How Short Sales Will Boost Home Sales In 2014

You might have assumed this article would be about short sales on the market today, but that is not the case.

You see, the real estate market is about to experience a surge of homebuyers who took part in short sales as sellers three to five years ago.

That's right, there is a wave of buyers who will steadily hit the market now and for the next five years that will push the housing market back up to historically "normal" levels and beyond, making 2014 a good year to finally sell your home.

If you caught our recent article on 3 key concerns that could negatively impact the real estate market in 2014, then consider this article the counter argument about why past short sales will be an undeniable force in the Tallahassee real estate market for years to come.

Short Sales Are A Recent Phenomenon

I have been a real estate agent in Tallahassee since 1991, and I will confess to never having heard the term "short sale" until 2006. That means I was a real estate professional in Tallahassee for 15 years and never used the term short sale. Why?

Because even when my company was selling more than 800 homes per year, it was a very rare event to help a seller negotiate a home sale with a bank where the funds from closing were not sufficient to cover the loans on the property. But oh how times have changed.

Closed Short Sales

It is important that you understand the significance of what the real estate graph above is reporting. Consider these five pieces of information and the conclusion we should draw:

  • Basically, short sales were hardly performed (and never reported) prior to 2009.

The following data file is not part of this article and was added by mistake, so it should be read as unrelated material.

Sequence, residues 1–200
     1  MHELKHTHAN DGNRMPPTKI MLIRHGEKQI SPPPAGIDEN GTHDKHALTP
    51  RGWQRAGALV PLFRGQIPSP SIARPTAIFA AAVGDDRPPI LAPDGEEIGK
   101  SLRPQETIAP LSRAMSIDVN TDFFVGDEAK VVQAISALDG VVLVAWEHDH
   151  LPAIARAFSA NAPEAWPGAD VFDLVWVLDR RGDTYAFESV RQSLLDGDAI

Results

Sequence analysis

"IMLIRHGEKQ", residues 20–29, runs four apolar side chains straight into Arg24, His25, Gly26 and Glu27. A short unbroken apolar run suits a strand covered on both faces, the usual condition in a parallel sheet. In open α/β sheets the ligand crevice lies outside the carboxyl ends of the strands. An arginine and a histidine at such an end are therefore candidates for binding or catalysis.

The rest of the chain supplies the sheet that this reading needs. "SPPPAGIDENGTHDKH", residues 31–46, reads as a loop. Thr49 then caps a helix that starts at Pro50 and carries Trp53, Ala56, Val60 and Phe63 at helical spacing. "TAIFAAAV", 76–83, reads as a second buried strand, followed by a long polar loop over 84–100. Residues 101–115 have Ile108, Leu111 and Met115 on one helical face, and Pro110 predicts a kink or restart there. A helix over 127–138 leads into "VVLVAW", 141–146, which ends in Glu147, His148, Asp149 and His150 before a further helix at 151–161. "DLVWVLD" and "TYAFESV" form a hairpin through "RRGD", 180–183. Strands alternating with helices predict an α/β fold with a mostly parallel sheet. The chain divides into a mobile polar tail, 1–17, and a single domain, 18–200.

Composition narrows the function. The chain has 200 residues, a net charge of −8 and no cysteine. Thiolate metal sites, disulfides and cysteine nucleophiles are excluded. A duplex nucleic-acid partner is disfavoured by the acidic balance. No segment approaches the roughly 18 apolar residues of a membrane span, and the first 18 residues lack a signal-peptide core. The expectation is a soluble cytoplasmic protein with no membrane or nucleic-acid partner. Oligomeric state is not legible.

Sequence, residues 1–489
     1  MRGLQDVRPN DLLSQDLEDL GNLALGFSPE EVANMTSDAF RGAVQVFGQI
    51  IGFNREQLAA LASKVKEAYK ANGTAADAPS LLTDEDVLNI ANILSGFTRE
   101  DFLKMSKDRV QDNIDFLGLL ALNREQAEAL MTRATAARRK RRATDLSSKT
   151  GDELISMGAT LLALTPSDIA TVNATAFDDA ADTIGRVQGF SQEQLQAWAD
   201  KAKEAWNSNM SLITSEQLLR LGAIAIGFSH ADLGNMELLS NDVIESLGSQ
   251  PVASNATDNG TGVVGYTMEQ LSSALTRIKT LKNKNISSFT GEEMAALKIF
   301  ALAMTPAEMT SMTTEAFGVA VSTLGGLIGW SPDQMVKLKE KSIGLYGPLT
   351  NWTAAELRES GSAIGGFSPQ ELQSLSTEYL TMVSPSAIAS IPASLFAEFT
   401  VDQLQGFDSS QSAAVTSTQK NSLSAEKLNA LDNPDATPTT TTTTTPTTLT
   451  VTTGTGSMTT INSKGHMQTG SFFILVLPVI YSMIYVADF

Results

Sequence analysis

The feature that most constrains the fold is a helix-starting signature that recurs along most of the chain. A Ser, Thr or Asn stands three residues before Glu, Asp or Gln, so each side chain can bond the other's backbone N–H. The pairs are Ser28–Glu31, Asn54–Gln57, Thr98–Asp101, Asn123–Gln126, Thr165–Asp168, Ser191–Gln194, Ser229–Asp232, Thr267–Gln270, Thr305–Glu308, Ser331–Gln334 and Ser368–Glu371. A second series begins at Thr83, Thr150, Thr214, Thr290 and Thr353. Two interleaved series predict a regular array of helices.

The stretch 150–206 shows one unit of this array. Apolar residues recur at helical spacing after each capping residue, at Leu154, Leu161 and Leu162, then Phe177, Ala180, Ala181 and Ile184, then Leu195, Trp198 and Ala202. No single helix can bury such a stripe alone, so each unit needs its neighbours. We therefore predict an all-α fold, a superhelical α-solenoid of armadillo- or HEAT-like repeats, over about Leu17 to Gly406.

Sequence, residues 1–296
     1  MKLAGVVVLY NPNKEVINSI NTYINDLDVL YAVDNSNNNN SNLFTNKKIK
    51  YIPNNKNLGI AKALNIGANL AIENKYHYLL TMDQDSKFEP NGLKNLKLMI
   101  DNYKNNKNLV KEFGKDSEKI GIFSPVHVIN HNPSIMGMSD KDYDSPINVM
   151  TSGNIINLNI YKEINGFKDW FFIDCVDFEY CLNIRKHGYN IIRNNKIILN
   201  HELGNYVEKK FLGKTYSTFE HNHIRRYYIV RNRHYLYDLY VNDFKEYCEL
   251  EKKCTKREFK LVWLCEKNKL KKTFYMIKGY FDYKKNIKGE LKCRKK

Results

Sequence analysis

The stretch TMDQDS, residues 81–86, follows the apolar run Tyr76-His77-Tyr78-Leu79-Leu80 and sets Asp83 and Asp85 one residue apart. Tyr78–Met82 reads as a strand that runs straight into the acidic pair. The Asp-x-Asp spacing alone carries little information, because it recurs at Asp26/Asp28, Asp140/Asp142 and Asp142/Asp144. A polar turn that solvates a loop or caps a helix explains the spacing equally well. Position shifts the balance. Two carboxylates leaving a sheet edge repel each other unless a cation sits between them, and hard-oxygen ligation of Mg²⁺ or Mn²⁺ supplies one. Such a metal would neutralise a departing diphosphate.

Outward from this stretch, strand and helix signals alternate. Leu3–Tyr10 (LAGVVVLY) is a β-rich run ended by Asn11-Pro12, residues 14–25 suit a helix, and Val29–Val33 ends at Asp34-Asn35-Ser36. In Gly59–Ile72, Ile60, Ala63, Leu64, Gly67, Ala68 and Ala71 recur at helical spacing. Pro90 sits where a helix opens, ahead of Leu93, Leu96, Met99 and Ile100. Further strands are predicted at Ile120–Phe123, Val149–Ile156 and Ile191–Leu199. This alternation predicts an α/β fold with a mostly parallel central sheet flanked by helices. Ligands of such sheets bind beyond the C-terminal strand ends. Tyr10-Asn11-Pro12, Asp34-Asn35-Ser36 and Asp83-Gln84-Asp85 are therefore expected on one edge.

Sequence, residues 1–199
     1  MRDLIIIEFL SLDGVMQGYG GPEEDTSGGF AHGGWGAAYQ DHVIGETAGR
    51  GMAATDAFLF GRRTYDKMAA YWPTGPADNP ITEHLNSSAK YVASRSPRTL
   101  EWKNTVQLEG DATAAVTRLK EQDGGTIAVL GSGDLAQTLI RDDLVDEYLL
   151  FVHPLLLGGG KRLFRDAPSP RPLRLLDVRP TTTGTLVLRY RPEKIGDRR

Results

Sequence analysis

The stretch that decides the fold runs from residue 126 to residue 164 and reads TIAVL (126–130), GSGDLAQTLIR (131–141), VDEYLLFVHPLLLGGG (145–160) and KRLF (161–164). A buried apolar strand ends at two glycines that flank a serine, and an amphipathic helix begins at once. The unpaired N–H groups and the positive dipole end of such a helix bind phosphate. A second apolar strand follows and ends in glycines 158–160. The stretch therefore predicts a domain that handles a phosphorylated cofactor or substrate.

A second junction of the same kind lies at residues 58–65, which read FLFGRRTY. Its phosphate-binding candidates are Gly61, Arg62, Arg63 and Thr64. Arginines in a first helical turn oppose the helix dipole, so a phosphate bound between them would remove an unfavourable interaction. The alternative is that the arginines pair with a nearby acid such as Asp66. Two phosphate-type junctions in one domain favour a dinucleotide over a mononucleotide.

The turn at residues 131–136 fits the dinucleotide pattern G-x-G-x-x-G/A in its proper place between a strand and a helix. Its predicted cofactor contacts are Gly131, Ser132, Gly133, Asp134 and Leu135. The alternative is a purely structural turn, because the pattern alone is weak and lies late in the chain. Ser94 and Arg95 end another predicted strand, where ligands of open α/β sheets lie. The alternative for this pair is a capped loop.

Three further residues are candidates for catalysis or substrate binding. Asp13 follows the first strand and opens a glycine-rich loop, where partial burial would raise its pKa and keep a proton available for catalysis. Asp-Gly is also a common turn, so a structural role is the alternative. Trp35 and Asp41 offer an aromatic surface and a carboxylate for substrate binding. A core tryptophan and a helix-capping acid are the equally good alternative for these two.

• Beginning in 2009, there has been a relatively large group of people undergoing short sales.
  • People who do short sales used to have good credit and they owned their own home.
  • People who do short sales will want to own a home again.
  • People who do short sales typically have to wait about 4 years before they can get another home loan.

Therefore, I believe the average penalty period for short sellers will end up being four to five years. This means that 2009 and 2010 short sellers are buying now and will impact the demand of homes for sale in Tallahassee.

Short Sales By The Numbers

What this really means is that until now, the majority of past short sellers could not buy again and the 2014 market will be the first year in which these past owners will be streaming into the Tallahassee real estate market. How significant could this be?

There were just over 3,000 home sales recorded in the Tallahassee MLS last year. There are more than 300 past short sellers from 2009 and 2010 that will be eligible to buy homes this year, meaning an increase in the buyer pool of 10% over last year.

When you combine this group with the growing demand from other channels, it is hard to argue against a thriving real estate market in Tallahassee.

So if you are thinking of selling a home in Tallahassee in 2014, please drop me a note and we will schedule a time to evaluate your home and let you know what you can expect to gain from a sale.